Excerpt: The Imoon of Savage Moon are filled with two very different things, valuable resources and Insectocytes. Mankind have set up shop on these living asteroids with the purpose of excavating as much of the former as possible, but have unearthed more of the latter. Despite being a horde of hideous alien bugs, the Insectocytes are just doing their job. After all, it is you who are the intruder, the pest, and they really just want you off their rock.
Excerpt: The Playstation store has been home to many addictive titles throughout the last year such as Wipeout HD and The Last Guy. FluffyLogic and Sony Computer Entertainment have released a title in the tower defense genre entitled Savage Moon. While this is similar in nature to PixelJunks Monsters there are some gameplay issues which somewhat ruin the strategic element of the game.
Conclusion: For a while, Savage Moon is wildly successful in its goals; it creates a fun and attractive looking niche title, and then it flourishes in the crucial, brain wrecking essentiality of a highly stressful but ultimately satisfying genre. Sure, it's easy to break, could get old quickly, and is certainly not for everyone - but a title like this is effectively for fans anyway, right?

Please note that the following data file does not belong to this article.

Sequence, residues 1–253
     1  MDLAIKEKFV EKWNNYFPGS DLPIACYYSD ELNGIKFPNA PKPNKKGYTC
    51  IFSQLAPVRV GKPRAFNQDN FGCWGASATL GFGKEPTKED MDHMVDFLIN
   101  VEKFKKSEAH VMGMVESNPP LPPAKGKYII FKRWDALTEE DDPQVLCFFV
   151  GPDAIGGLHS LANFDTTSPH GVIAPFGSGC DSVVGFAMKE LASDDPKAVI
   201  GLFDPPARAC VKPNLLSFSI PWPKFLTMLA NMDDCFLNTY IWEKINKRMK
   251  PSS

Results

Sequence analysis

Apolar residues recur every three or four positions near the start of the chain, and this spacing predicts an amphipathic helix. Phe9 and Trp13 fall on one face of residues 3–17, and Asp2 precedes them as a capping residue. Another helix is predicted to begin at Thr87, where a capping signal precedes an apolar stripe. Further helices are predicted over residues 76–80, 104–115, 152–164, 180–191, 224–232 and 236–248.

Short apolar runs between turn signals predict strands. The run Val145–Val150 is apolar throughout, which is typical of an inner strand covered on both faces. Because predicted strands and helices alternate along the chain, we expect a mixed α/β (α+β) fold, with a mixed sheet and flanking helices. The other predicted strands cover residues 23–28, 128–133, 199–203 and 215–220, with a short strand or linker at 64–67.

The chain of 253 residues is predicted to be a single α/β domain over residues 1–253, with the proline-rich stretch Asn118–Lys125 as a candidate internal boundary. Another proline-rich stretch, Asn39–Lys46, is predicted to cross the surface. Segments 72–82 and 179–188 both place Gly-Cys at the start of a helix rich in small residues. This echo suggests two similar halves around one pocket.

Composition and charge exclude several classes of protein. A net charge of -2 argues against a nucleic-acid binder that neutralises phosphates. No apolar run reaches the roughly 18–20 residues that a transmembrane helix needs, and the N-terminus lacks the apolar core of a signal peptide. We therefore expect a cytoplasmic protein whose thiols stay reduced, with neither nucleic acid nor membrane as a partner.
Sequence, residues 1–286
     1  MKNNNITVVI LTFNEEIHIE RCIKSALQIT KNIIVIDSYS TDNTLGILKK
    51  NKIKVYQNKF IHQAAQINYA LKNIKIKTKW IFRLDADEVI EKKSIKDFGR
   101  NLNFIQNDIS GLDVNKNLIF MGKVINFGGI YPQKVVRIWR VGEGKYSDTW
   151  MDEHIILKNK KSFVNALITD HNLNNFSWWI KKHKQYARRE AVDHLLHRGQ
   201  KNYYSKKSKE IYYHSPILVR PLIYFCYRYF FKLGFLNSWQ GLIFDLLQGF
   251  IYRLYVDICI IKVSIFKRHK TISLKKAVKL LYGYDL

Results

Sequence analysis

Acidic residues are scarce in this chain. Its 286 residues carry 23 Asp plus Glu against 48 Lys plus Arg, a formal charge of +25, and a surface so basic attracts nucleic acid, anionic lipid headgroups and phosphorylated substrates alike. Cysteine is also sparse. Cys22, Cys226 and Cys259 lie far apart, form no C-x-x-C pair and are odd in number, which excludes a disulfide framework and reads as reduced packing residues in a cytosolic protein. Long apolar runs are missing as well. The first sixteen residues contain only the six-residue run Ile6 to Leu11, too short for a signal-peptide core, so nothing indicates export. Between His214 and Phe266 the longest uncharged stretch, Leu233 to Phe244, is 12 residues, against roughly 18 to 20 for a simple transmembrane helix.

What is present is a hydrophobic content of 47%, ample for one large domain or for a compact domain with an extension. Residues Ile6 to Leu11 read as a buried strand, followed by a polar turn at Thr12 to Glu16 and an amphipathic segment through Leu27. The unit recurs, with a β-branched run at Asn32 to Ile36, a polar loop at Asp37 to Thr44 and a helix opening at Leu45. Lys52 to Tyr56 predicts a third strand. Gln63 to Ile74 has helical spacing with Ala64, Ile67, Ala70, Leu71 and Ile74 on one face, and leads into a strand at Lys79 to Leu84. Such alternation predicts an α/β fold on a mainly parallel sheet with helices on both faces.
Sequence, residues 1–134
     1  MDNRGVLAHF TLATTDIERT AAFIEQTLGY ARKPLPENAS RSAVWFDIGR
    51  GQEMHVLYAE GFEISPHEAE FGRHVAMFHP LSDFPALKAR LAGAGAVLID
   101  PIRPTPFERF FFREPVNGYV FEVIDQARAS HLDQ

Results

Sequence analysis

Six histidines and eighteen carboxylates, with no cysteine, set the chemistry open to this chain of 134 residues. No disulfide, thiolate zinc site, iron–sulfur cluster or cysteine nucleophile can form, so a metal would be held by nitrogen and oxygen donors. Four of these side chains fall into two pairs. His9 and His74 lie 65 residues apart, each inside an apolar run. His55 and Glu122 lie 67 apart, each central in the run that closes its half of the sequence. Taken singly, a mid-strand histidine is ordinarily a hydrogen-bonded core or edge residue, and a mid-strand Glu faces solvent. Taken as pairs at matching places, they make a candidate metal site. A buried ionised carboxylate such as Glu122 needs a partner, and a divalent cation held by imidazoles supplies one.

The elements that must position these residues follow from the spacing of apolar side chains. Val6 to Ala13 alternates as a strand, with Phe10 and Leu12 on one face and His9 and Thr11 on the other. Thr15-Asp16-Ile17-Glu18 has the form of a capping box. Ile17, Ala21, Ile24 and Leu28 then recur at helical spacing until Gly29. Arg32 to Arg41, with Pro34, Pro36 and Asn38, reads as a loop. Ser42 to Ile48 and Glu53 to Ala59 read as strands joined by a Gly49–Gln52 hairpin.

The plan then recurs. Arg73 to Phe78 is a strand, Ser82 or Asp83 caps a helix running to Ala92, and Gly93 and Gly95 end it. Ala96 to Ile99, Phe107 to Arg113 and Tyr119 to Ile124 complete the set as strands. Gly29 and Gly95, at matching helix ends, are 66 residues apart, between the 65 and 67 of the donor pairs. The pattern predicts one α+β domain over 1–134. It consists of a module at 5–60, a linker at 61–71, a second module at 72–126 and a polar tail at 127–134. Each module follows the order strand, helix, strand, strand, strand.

Conclusion: While not nearly as addictive as PixelJunk Monsters, FluffyLogic has done a hell of a time making a tower defense game that is uniquely their own. If you've still got the itch to repel waves of enemies, don't hesitate to jump on this one. It's good stuff.
Excerpt: Savage Moon is a downloadable Tower Defence game available on the Playstation Network, and is the first foray into console gaming for its developer, FluffyLogic. Savage Moon entrusts the player with the task of defending a mining base on a living asteroid, called an Imoon. Imoons are heavy in various vital minerals long depleted back on Earth. However, they have a natural defence system in the form alien entities known as Insectocytes.
Excerpt: Savage Moon, from little known Bristol developer FluffyLogic, is about as good as it's going to get for just over six quid on PSN. It's also perhaps the most aptly named game ever. All 12 levels are set on moons, and it's absolutely savage. There you go. End of review. Only joking. There's more to it than that, of course. It's a tower defence game, at its heart, with heaps of strategic depth and lashings of real-time resource management, but there's a twist.
Excerpt: While the graphics in Savage Moon are the expected "top-down" look found in most "Tower Defense" games, the camera view can be adjusted using the lower shoulder buttons and the analog sticks. You can get close-in to the action, if you like, or you can zoom far back to get a better view of the action across the battlefield. Top-down overhead view is the default view in Savage Moon , but this view is fully adjustable.